Taft reads, then goes by the book
The governor said the state's incentive plan for GM Lordstown could include money for training.
By IAN HILL
VINDICATOR STAFF WRITER
CANFIELD -- Gov. Bob Taft doesn't know when General Motors officials will settle on where to build their newest small cars, and he won't talk about the impending Ohio Supreme Court decision on school funding.
But he seemed to enjoy reading to the children.
Taft read a book to several young children Thursday morning in the Canfield Fair Educational Hall to kick off Mahoning Valley Reads, a local initiative that is part of the OhioReads program. The governor also joined other state and local officials at a ribbon-cutting ceremony to open the fair.
GM plans: After reading to the children, Taft was asked by reporters about GM's plans for their small cars, as well as a possible Ohio Supreme Court decision on school funding. Representatives of GM Lordstown have created plans for renovations that would allow the small cars to be built at their plant.
The plant, which makes the Chevrolet Cavalier and Pontiac Sunfire, employs nearly 5,000 hourly and salaried workers. An adjacent fabrication plant employs more than 2,500.
Taft said that one of the highest priorities on his economic agenda is encouraging GM to build their new product at the Lordstown plant. He added, however, that he did not know when GM would make a decision on the construction of the new product.
A shop chairman for United Auto Workers Local 1112 in Lordstown has said he hopes the GM board of directors will make a decision on the renovations at their October meeting.
Meanwhile, Taft said state officials are creating a "very attractive" package of incentives designed to encourage GM officials to build the small cars in Lordstown. The incentives include money for job training, he said.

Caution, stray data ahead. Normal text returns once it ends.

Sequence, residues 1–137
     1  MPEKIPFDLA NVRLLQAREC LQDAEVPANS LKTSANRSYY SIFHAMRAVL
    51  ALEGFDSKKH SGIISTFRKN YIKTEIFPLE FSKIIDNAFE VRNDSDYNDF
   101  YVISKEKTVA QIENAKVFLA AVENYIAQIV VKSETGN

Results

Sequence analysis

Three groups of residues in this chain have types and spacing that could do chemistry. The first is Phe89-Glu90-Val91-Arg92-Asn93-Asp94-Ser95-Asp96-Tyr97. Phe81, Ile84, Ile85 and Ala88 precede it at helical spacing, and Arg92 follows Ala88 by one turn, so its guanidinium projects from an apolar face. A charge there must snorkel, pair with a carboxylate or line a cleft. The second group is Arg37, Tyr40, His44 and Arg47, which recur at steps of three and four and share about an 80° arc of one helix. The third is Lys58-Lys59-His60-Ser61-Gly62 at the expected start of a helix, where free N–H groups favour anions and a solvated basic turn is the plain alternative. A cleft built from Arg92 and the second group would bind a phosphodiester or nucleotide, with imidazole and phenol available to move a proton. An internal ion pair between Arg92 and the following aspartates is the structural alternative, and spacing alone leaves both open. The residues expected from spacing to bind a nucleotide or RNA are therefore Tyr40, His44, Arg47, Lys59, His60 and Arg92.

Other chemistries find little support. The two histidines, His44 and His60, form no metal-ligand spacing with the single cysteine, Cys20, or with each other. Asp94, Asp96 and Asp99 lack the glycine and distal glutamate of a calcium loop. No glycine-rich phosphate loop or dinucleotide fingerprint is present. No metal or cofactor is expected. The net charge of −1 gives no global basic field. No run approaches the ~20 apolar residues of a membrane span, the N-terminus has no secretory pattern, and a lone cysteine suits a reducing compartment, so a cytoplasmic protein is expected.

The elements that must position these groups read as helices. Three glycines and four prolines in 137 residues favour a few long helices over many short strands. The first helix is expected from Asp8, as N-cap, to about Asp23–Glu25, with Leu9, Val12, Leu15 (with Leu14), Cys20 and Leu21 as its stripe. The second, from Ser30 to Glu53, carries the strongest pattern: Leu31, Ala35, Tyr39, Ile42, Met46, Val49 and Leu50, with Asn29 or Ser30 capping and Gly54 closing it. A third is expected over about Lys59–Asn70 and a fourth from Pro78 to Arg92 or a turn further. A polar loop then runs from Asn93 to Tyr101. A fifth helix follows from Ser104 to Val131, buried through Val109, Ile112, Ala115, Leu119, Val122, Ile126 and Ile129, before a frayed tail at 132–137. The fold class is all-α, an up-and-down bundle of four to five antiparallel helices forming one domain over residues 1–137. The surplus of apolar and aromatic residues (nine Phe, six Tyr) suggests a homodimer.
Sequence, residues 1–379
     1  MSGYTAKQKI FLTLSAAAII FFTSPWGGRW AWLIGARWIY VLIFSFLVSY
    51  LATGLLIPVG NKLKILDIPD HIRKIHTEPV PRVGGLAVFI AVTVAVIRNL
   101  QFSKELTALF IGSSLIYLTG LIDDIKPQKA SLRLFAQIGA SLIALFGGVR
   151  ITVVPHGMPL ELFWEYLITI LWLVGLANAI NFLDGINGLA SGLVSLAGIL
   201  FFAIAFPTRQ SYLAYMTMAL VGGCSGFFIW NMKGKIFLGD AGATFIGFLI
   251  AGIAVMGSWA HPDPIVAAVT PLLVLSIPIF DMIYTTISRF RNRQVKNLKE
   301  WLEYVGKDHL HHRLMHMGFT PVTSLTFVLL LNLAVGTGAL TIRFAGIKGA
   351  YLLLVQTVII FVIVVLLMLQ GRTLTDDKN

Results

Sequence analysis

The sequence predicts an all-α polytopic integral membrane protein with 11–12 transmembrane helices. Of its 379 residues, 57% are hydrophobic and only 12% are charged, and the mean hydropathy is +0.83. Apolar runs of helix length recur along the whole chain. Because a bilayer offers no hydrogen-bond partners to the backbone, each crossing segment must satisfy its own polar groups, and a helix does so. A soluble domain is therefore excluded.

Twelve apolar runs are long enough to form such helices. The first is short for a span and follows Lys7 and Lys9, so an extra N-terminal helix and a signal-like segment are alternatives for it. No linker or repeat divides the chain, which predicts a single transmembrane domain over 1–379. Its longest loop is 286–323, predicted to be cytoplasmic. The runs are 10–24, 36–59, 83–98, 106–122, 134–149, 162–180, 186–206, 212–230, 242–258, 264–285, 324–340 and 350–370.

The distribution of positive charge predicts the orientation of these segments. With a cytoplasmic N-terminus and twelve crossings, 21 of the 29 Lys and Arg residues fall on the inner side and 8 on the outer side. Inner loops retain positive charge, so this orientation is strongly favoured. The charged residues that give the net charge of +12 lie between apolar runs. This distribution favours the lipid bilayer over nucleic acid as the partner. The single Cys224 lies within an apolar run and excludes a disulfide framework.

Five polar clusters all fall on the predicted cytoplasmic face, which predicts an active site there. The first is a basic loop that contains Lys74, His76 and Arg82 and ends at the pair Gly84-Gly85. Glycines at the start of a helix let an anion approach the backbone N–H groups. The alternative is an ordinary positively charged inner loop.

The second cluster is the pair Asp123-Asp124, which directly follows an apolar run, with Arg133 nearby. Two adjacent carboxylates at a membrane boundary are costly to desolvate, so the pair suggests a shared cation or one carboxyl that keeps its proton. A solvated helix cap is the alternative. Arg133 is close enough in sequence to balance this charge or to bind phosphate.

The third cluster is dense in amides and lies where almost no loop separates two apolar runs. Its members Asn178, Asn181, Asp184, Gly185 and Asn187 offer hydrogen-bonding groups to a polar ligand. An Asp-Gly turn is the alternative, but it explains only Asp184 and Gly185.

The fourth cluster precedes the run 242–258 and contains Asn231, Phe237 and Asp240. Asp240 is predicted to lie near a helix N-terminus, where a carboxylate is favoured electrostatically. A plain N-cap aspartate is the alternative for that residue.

School funding: Taft also was asked about a report in The Plain Dealer of Cleveland stating that the Ohio Supreme Court is willing to accept a revised version of the state's $1.4 billion school funding plan.
Justices want the state to spend more on parity aid, a new program that gives poor school districts extra money to help close the academic gap with wealthier ones, the newspaper report says.
The state's new system calls for phasing in the program over five years, providing $95 million this year, $205 million next year and $500 million a year in 2006. A draft of a court ruling would require the state to speed up the phase-in, The Plain Dealer said.
Justices also want the state to increase how much each district is guaranteed per student each year. Under the current formula, districts are guaranteed $4,814 per student.
The court ruled in March 1997 and in May 2000 that Ohio's funding system relies too much on local property taxes, creating disparities between rich and poor districts.
Taft said that while he supports the state's plan, he did not want to comment on the potential ruling from the court. A comment on the possible ruling would be conjecture, he added.
"I think we really have to wait and see," Taft said.
XThe Associated Press contributed to this story.